Archive | December 2014

The End of the Year, And New Beginnings

And so we come to the end of the year. Traditionally this has been a time for reflecting on the past year. It’s also been a time for making all kinds of resolutions for the coming year, resolutions which generally last until we sober up sometime in the afternoon on New Year’s Day.

For me, though, it’s a time of looking forward, although I suppose that in a way, that’s what resolutions are all about. Except I’m not making any. I’ve already quit smoking, and I don’t drink, so what else is there?

No, instead, I’m changing the way I blog. Or, to be more exact, I’m changing the way I organize and manage my blog posts.

Windows Live Writer is my blog editor of choice. With it, I can create new entries and see pretty much how they’re going to look before I post them. I can even retrieve previously-published posts. More importantly, I can use it to manage several different blogs. This is important because I maintain a few blogs, each dealing with separate topics.

Unfortunately, it doesn’t do a very good job of organizing my posts on disk. All of my drafts are saved to the same folder, which Live Writer conveniently calls My Weblog Posts. SO while I have a copy of what I’ve posted, it doesn’t let me know where I’ve posted. And I do need to know where I’ve posted what, so I don’t inadvertently duplicate myself on one of my blogs.

Enter Scrivener. I plan a much longer article on the software, but for now I’d like to share with you how I’ve started using it as my main blogging tool.

Scrivener is organized around projects. A project can be anything you want it to be: a novel, a poem, a screenplay, a short story. In this case, I chose the blank template when I started. After some thought, I created folders for each blog, and within each of those folders, another folder for the year. Eventually, I’ll add month folders inside each year.

Here’s how it looks:

blog setup

As you can see, this entry is named Final Post and is in the December folder, which is in the 2014 folder, which is inside the V&J folder. Just like those nesting Russian dolls! Simple enough so far, right?

Besides being an excellent organizational tool, Scrivener is also perfect for writing. And as you can see from the graphic above, I’m using it for this article. What I like best about it is when I’m on the writing screen, there are no distractions. And unlike other editors, I can control what my background is when I’m writing. I can choose either a color or an image, or I can even set the writing screen width so that there is no background at all: just a plain white screen without even a menu bar.

Once I’ve written an article, I can copy & paste it into Live Writer and upload it from there. Or I can copy & paste it directly into the blog itself. Finally, I can copy it into any of the other blog folders. But that’s not really necessary, as it takes up disk space. Instead, I can make use of Scrivener’s corkboard feature and simply make a note in the other blogs of the title of the entry and the date I posted it. That way I’ll still have a record of what I’ve done, but it won’t take up much disk space. Which is also important, because Scrivener makes a backup copy of your project whenever you close it. The default is 5 backup copies, but this (like most options in the program) can be changed.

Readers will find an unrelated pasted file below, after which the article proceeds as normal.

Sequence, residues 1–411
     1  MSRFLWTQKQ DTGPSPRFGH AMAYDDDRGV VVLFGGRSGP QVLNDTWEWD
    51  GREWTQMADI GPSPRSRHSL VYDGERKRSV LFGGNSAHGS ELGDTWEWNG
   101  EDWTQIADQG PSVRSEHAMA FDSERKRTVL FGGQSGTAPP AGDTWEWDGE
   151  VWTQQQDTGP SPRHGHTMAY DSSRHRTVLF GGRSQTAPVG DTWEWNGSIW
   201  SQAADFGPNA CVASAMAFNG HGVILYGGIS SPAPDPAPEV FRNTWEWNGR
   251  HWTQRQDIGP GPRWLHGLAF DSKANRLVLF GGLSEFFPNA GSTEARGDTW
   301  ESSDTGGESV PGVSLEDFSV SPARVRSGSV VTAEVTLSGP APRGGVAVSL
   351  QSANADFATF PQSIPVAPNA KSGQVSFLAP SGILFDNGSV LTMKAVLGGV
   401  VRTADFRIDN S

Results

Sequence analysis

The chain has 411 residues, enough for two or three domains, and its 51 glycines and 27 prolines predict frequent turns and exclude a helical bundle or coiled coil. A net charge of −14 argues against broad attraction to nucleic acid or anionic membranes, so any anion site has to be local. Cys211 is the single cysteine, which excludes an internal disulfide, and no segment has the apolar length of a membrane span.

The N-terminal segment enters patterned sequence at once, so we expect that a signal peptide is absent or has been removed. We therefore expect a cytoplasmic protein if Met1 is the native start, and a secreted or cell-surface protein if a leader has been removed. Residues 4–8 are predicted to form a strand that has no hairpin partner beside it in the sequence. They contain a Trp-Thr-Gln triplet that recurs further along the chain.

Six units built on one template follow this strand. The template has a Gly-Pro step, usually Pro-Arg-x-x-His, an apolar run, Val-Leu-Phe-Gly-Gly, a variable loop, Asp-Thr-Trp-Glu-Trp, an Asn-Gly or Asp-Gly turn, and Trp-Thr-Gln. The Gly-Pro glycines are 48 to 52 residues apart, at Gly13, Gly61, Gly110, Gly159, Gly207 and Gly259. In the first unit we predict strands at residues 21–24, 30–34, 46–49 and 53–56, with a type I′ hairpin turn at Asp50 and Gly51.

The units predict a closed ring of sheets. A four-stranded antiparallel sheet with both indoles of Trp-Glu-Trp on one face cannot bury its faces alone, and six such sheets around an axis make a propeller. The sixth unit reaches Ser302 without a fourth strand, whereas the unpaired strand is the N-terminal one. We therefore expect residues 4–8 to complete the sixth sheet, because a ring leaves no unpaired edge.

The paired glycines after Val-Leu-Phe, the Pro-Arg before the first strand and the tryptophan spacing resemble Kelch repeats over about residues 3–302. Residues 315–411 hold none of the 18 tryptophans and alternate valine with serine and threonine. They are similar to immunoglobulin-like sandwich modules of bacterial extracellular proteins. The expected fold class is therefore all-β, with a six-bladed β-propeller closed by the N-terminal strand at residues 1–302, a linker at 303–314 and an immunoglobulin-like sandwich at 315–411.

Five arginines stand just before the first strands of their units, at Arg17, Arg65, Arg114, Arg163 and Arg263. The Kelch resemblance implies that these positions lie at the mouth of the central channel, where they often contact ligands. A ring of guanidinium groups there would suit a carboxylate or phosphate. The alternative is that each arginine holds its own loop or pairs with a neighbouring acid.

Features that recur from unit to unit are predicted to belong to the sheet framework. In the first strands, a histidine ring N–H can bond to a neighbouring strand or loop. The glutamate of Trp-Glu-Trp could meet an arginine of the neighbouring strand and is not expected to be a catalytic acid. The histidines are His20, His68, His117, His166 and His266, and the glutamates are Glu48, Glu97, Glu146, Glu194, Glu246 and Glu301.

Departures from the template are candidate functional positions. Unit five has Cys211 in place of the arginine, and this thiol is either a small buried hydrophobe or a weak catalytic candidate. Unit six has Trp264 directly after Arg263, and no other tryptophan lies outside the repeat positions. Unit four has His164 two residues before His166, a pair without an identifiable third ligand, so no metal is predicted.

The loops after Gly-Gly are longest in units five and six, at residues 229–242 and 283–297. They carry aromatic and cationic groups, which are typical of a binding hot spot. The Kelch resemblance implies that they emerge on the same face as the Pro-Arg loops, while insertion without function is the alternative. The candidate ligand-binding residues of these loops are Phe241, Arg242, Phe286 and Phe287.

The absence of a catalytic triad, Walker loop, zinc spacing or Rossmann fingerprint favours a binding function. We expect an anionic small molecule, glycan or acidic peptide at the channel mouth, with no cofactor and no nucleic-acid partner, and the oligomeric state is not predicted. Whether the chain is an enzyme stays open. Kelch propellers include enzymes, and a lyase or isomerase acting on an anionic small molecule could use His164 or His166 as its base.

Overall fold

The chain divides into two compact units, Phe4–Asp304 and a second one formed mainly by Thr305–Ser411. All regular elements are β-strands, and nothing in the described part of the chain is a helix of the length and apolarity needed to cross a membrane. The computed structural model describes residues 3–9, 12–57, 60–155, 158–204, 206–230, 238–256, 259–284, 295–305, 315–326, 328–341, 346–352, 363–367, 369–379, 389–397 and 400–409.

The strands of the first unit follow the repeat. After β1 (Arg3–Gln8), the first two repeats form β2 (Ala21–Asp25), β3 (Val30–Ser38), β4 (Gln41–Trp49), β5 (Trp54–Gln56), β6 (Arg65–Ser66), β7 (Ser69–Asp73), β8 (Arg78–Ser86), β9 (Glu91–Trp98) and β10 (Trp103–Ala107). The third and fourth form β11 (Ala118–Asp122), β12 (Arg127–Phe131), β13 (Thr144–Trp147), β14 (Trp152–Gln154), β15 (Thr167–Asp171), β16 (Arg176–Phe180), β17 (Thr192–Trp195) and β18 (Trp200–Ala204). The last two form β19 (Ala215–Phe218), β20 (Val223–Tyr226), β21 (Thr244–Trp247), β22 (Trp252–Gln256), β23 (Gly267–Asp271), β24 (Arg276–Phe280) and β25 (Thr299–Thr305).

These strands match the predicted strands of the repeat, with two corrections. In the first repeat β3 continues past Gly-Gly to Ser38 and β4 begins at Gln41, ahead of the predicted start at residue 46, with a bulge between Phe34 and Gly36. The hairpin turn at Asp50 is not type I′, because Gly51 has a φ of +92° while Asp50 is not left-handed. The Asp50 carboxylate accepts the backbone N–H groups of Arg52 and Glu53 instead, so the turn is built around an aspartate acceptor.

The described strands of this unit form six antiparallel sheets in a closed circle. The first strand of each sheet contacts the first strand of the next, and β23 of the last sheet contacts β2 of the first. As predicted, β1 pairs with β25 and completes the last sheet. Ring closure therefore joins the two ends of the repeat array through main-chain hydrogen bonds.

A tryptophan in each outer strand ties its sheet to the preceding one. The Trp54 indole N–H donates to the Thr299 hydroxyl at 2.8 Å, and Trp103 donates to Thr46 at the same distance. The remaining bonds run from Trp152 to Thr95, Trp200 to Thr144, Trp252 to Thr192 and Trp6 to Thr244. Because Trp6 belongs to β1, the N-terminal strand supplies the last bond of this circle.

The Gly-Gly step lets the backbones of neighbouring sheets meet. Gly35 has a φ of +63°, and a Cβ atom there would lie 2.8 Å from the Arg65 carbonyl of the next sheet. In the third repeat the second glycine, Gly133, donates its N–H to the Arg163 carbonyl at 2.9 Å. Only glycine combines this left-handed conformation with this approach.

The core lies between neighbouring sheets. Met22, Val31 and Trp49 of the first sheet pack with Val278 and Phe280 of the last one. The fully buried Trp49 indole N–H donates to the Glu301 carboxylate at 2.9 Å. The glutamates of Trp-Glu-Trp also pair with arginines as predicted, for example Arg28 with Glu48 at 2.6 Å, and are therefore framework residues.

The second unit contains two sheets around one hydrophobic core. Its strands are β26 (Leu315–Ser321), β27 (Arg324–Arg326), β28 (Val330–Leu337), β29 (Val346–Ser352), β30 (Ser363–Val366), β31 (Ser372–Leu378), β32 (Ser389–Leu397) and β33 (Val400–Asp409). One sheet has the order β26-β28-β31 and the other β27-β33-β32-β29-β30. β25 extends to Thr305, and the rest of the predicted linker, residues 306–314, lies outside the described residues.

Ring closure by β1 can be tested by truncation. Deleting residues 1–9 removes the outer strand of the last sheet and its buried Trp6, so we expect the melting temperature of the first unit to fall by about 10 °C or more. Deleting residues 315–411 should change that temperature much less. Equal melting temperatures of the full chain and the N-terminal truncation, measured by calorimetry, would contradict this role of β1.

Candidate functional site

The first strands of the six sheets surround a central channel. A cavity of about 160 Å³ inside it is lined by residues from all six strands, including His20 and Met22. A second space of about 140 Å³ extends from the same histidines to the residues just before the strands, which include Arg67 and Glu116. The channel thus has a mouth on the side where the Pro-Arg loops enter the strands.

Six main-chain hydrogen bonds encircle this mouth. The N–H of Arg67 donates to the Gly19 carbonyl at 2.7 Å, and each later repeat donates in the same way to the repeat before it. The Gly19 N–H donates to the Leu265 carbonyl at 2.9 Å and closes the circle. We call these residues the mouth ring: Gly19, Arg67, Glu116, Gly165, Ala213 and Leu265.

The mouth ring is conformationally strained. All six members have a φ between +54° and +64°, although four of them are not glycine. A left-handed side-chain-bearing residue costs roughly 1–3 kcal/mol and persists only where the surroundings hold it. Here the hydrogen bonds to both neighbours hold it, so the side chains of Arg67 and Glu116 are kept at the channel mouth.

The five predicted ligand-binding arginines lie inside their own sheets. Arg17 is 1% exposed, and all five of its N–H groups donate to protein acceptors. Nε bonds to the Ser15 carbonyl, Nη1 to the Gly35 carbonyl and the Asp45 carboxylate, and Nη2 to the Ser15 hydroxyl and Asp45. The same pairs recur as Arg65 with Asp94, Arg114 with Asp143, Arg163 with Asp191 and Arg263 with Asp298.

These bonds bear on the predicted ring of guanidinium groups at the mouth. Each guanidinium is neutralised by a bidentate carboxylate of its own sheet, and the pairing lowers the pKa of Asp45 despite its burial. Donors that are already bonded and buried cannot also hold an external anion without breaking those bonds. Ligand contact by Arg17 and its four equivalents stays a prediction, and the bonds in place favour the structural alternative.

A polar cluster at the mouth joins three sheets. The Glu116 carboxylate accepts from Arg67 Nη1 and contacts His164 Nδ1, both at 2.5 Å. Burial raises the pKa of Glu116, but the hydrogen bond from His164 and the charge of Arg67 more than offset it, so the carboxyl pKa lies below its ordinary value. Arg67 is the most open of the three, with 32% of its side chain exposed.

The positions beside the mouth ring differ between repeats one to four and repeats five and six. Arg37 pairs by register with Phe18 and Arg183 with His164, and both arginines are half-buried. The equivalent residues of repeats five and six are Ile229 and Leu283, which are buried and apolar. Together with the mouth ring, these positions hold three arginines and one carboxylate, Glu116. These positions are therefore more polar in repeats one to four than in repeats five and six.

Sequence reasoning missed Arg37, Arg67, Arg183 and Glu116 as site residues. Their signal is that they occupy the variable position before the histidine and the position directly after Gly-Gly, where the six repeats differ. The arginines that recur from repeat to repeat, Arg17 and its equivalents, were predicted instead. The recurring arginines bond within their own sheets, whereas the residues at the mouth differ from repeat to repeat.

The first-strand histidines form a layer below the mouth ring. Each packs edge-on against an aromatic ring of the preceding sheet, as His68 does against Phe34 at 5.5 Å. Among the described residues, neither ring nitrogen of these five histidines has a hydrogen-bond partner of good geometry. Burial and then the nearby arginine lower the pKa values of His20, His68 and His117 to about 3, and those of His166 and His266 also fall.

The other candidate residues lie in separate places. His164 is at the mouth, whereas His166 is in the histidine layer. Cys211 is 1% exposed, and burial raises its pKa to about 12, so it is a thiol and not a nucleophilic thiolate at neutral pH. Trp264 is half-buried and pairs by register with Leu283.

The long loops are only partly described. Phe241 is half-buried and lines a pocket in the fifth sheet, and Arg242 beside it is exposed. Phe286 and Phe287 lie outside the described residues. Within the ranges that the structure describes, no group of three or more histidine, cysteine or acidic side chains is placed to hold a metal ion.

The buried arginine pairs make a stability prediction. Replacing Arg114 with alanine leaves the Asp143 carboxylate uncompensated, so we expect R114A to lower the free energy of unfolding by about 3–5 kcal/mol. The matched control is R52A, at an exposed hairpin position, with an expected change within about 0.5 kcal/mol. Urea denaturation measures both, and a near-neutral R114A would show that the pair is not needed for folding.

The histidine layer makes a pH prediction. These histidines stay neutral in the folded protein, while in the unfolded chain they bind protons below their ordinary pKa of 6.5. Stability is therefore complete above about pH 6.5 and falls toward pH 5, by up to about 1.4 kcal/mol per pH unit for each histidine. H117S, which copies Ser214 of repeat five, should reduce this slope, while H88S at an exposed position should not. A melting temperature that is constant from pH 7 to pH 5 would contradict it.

So if you’re just getting started in blogging, or if you’ve been doing it for a while and are looking for an excellent way to get or stay organized, you could do a lot worse than Scrivener as your blogging tool.

Clobbering “Biblical” Gay Bashing

This article originally appeared in
The author concluded it with the statement that Permission is granted for limited distribution “as is” with no altering.

Clobbering “Biblical” Gay Bashing

October 11, 2011 by Mark Sandlin

This is a bit long for a blog post, but some may find it to be a helpful resource. I wrote the piece for another project and it just wasn’t a good fit. Honestly, if you are well read on the issue of the Bible and its take on homosexuality (or lack thereof), there is little new in here. For you, I hope this can be a quick reference. If you are not well read on such things, this may be a bit of a bumpy ride, but bumpy rides can be a lot of fun. Either way, I hope I was able to take what is sometimes thick reading, albeit important reading, and make it at least bearable and mostly straight forward.

Christianity and “Biblical” Hatefulness

We Christians are good at a lot of things. Helping others. Dressing up on Sunday.  Quoting scripture. Pot luck meals. Taking care of church members. Weddings. Funerals. Worship. But perhaps the thing at which we are the most persistently exceptional is misinterpreting the Bible then running amuck in the world because of it. Honestly, mad skills. And history backs me up on this one.

We have used the Bible to support, promote and act upon some pretty un-Christian things: slavery, holocaust, segregation, subjugation of women, apartheid, the Spanish Inquisition (which, no one ever expects), domestic violence, all sorts of exploitation and the list could go on and on. Oddly, if you ask theologians to pick one biblical theme to rule them all, most of them would say “love”… well, love and grace. Okay, love, grace and forgiveness. Fine. They probably would not specifically agree on a single term, but they would most likely name something that is, in every way, the opposite of the oppression, belittlement, hatred and marginalization represented by the numerous atrocities committed by the Christian Church.

More times than not, these atrocities are the result of trying to play God, pretending as if one group of people has complete knowledge of God’s will and is more blessed or chosen by God. Not surprisingly, the people who see the world this way are always exactly the people who also happen to belong in the group they believe to be the uber-blessed. Lucky them.

Time and time again, Jesus made it clear that we should not put ourselves in the place of playing God and that, unlike far too many humans, God welcomes and loves us all equally. Period.